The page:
As soon as he looked a bit tired we ended the session leaving him wanting for a quick trip back to the range. We then go to the gunclub’s cafeteria for some hot chocolate and sandwiches and some talking on how great he did!
Take care folks!

Join the forum discussion on this post


Ed from Europe said...

I like the way you prefer maturity and growing confidence over actually having good scores and starting as early as possible.

It's all about those two things when parenting, I believe.

Anonymous said...

This is something that cannot be rushed. I was shooting my Dad's Ruger .22 revolver when I was four, but I was not allowed to even carry it holstered until I was eight - unloaded. This for about a year, which really frustrated me.

He made sure I was ready and only until he was satisfied did he allow me to carry a loaded gun. I carried a pellet rifle and he always reminded me of safe carrying procedures.

Anonymous said...

As a rifle instructor I fully concur with starting them with a twenty two rifle. Age depends on the youngster although 10 seems like a general number. I recommend that parents give some thought to having help from a third party. sometimes kids do better that way. People in the U.S. should consider the Appleseed project as a great resource for this.


k said...

I would recommend starting with pellet guns and not firearms. The rules of safety are the same. Pellets are less likely to people than bullets. Pellet guns are also good for killing vermin and for hunting very small game.

Anonymous said...

agreed. three things i learned when
teaching children to do anything:
1. make the first time 'super' easy.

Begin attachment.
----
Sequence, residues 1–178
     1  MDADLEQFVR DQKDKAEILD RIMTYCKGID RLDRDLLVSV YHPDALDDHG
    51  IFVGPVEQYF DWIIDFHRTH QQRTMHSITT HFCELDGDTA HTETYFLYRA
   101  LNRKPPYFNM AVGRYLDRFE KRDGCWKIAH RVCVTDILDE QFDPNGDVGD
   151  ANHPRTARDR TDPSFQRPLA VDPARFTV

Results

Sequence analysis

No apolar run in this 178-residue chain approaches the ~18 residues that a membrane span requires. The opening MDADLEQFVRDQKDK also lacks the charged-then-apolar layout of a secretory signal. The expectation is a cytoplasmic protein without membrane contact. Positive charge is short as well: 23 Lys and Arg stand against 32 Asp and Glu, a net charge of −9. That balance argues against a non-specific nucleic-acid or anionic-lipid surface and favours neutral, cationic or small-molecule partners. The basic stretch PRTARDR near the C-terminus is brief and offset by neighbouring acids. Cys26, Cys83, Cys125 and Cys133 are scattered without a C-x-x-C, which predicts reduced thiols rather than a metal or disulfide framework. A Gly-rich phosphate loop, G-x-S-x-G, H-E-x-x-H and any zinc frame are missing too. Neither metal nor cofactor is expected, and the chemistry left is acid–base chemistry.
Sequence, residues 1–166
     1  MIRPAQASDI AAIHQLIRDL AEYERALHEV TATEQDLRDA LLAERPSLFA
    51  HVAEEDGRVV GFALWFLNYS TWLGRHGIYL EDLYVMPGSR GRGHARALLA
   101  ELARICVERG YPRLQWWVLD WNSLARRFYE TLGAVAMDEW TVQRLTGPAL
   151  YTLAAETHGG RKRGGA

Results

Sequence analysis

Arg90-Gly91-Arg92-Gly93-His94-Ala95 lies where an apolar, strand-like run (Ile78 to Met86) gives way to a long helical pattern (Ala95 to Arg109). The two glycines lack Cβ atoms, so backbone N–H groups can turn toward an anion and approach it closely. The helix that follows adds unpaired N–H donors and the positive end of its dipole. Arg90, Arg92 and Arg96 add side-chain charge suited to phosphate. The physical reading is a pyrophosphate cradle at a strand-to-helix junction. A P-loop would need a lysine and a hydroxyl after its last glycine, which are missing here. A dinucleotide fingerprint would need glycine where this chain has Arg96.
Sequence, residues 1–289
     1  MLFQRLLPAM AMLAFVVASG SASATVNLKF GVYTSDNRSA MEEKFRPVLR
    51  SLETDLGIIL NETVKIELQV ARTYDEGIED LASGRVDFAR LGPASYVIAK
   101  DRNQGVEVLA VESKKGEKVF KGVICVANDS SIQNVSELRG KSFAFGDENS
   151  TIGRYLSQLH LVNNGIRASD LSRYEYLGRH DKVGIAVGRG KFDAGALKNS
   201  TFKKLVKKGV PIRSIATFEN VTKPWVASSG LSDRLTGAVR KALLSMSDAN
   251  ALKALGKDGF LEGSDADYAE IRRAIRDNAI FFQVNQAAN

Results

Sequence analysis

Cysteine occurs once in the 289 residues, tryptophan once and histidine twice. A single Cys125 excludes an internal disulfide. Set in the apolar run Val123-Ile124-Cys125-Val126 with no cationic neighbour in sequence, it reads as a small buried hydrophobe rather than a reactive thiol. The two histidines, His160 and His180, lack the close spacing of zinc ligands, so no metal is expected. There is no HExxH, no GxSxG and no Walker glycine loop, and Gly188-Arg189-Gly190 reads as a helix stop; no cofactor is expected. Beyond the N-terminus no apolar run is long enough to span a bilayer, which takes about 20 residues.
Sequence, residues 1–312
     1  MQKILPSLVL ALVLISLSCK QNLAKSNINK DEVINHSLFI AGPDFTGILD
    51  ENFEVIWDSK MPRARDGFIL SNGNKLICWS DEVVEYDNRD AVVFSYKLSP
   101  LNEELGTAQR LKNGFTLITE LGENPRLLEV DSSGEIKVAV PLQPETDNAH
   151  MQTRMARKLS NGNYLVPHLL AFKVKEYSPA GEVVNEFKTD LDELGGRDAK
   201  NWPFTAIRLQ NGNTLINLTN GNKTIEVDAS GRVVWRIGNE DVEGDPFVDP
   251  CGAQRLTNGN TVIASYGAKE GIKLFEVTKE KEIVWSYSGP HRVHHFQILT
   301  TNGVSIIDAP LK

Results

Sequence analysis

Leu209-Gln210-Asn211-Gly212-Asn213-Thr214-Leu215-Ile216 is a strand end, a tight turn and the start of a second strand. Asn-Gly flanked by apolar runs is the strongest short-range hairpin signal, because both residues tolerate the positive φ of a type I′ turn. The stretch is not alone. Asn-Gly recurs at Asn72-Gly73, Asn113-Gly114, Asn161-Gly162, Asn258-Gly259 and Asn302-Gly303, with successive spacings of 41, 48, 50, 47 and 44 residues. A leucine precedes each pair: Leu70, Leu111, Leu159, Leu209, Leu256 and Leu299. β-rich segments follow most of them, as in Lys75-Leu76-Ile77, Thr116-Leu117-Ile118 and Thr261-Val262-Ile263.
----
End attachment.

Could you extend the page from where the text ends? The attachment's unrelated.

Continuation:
2. 30 minutes is the upper limit.
3. have food at the end.

Keith C. said...

We are a "shooting family" and my children have come to the range (as spectators) since their heads were big enough for ear pro. My daughter has been reciting the safety rules and helping me seat bullets when reloading since she was about three :). When she turned five last year, I offered to let her shoot for the first time. The smallest rifle I had was a Ruger 10/22 carbine. she enjoyed the experience but it was like she was trying to fire an AT-4, it was still so long for her!

We ended up buying her a "Crickett" - single-shot, bolt-action, manually-cocked .22 that is specifically designed for children of her frame (also bought another to put up for her now-two-year-old brother's eventual use - he might not want his sister's pink one). I even tell my adult students, "There are no targets too large or too close to miss.", yet I made the same mistake in setting the target too far and saw that same frustration you described. We moved in to about five yards and she was doing much better and is much more confident and eager to practice.

Great topic and, yes, great memories as well as skills to build with your children.

hsu said...

My range has a youth club, designed to teach youngsters the art of shooting, and the minimum age for the club is 10, because too few 9 year old kids seem ready for it.

In addition, it seems that a large minority of 10 year old kids are not mature enough, so those children have to wait another year.

Anonymous said...

I started hunting squirrel at about age 8 with a 12ga a cousine lent me. I don't remember when I started shooting, but it was probably that summer. The first pheasent was with a .22. We sorta of raised ourselves. a

Anonymous said...

All my children started on a Beretta 950 .22short pistol and worked their way through the gun cabinet. I started them off with ballons, cheap, buy two sizes and you can adjust them from a couple of inches to a foot or better. The kids don't mind picking up the bits because you staple the to a backer draw a target on it and shoot some more. We always picniced at our shooting spot, it was a most of the day affair.